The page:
From the July/August 1994 issue
ON A SATURDAY EVENING LATE ONE MAY A FEW YEARS AGO, I stood outside a recently opened restaurant and watched as cars, overflowing with hockey fans toasting Pittsburgh’s first Stanley Cup championship, lurched down the street.
The procession stretched as far as the eye could see along East Carson Street, the main drag running through the city’s South Side. Car and truck horns honked out a victory song. Grandmothers came outside in babushkas to watch from the top of the steps. The usually quiet and purposeful regulars abandoned their stools at a dozen or so nearby family-owned bars and joined the celebration.
A decade had passed since the last shift walked out of the gates at the hulking Jones & Laughlin Steel plant that stood watch here for more than a century. For many, the hope that life would somehow return to normal ran out only recently when the mill was finally razed, its two-story-high corrugated shell cut into pieces and sold for scrap.
In the intervening years, the surrounding neighborhood had taken on a new blush. Young professionals, drawn by high-tech work and the lure of urban homesteading, had put a fresh face on wood and brick row houses. The neatly stenciled windows of a French restaurant stared across the street at a weathered newsstand; an art gallery cast its postmodern neon glare over an old, boarded-up saloon. As urban chic invaded a working-class community, the two cultures tried to work out a modus vivendi.
On this one night, the familiar dividing lines between the vernacular (shot-and-a-beer) and the fashionable (white-wine spritzer) blurred as post-game revelers spilled out into the sidewalk Scanning the crowd, I spotted a face I hadn’t seen since the eighth grade. Beer in hand, my old friend weaved his way through rejoicing hockey fans to get a closer look.
“Is that who I think it is?” he asked, with just the right hint of disdain. I felt my stomach tighten, and my victory smile fade. I’d experienced enough of these reunions to know what to expect. My college-issue wire-frames, $20 haircut and button-down J. Crew collar confirmed what he had likely suspected all along: my aspirations had changed me; I was no longer one of his kind.
He took a slow gulp from his beer bottle and looked hard into my eyes. This was his chance to balance the scales, and he made the most of it. “”Who the fuck do you think you are?” he sneered. It was a statement, not a question, and he didn’t wait for a reply. The street sounds faded as! watched him disappear into the crowd.
I tried to match the face of the man I had just met with that of the kid who came to my house every Wednesday evening to watch “Lost in Space.” I stood there on the curb and mourned another small death, another connection to my past severed.
I revisited the jumble of fierce resolve, nagging guilt and painful humiliation that had churned inside me for most of the past decade, a time spent zealously reinventing myself. I experienced the familiar dissonance between my estranged parts-, my middle-class packaging and my working-class core. Split in two by the mighty wedge of class, I asked myself the same question-. Who am I? Where do I belong?
I REMEMBER LATE-SUMMER afternoons 20 years ago, a 10-year-old fidgeting at the supper table, having once again cleared my plate too quickly. After a perfunctory minute or two, I would dare to break my father’s rule against talking during meals and quietly ask to be excused. Bounding out the front door, I would skip every other step down to the sidewalk and tear past the neat row of squat, brick houses, listening for the exhilarating sound of the wooden screen door as it rattled shut.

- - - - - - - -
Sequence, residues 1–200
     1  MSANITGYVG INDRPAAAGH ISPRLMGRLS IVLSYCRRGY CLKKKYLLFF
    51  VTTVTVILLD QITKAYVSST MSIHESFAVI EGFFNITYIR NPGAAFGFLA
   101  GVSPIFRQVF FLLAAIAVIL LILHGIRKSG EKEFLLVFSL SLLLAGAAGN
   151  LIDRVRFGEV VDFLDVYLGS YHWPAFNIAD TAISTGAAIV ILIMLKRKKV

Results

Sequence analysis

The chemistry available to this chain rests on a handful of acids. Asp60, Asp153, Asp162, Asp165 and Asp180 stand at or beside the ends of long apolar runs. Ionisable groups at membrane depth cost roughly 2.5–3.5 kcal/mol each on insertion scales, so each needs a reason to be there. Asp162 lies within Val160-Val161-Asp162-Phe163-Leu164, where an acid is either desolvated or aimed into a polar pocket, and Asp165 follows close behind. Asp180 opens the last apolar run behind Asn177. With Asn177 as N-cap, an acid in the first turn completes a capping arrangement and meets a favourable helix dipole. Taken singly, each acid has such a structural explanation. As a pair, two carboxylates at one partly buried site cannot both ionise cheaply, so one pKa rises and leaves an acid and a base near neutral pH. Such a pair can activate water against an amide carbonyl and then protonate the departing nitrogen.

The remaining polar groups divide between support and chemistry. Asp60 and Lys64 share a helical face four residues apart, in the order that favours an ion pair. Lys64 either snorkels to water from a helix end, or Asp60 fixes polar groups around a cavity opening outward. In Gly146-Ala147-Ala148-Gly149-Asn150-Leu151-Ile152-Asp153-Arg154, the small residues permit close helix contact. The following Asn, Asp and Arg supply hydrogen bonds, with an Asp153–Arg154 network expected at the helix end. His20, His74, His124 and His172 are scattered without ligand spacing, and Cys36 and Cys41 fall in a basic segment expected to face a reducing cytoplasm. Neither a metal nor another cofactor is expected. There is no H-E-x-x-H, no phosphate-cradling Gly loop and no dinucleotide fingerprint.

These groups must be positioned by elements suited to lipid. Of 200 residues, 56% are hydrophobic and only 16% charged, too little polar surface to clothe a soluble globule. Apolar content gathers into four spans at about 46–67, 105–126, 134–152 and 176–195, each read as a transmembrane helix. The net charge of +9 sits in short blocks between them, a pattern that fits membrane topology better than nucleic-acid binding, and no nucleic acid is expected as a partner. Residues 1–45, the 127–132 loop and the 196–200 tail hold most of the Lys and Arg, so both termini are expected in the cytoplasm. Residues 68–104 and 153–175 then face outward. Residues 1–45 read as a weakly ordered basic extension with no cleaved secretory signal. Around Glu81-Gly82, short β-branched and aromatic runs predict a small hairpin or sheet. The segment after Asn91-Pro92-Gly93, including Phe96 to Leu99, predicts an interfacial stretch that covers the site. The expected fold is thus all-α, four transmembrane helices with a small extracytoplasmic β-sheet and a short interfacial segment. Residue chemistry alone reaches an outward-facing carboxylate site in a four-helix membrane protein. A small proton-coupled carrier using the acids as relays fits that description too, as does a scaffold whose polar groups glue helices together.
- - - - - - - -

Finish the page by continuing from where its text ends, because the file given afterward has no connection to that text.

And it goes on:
My friends and 1 would pass the rest of the evening playing whiffle ball, or walking upright across the five-foot-high monkey bars. When it grew too dark to see, we would sit with our backs to a stone wall and enjoy the sweet smell of pot drifting down the street. Later, we would make plans to sleep out, walking the steep, narrow streets of the neighborhood to collect blankets and shrugs of permission from our parents. On those warm summer evenings that stretched into sleepless nights, we discovered the balm of conversation and laughter, virtues like the warm beer and cheap cigars we stashed behind the garage that we knew better than to drag home.
In the morning, we were awakened by the sounds of men climbing into their faded pickup trucks and trying once more to grind cold engines to life before heading off to work as mill hands, iron workers, railroad switchmen long before the morning rush hour. Those men our fathers stood tall among the world’s industrial workers, and rose, with each negotiated pay increase, to a level of economic parity with many of their white-collar counterparts. They endured high school, married young, bought homes, and looked forward to a week’s vacation every summer.
As their children, we figured life somehow would provide the same to us: a revolving Sears charge, a nice, if not-quite-new car, possibly even a boat or truck-camper, like the one kept safe behind a tall fence in the back alley. As economically middle-class people in a working-class culture, we enjoyed an unprecedented comfort and security.
When I did decide to go to college, my mother and father offered the only advice they could: “Well,” they said, “we hope you know what you’re doing.” But implicit in their lukewarm endorsement was the obvious truth: I didn’t know any more than they did. So, without a guidance counselor, or parents versed in the calculus of financial aid and college applications, I proceeded arbitrarily, applying to colleges whose names or looks appealed to me. I eventually settled, for no particular reason, on Perm State.
Having applied too late to attend orientation, I arrived in State College, Perm, with what I soon learned was more than a clothes problem. My credentials an impressive grade-point average and high test scores gave my application a veneer of promise. But there was no measure for the things I didn’t know; nothing to suggest I might have to learn everything about this new world of college from scratch. The system, like me, was blind to the ways in which my working-class background left me unprepared for this new world. It wasn’t just poise or spending money that I lacked. Everything, from my colloquial speech to my primitive social skills to my wardrobe drew a discreet line between me and my new peer group.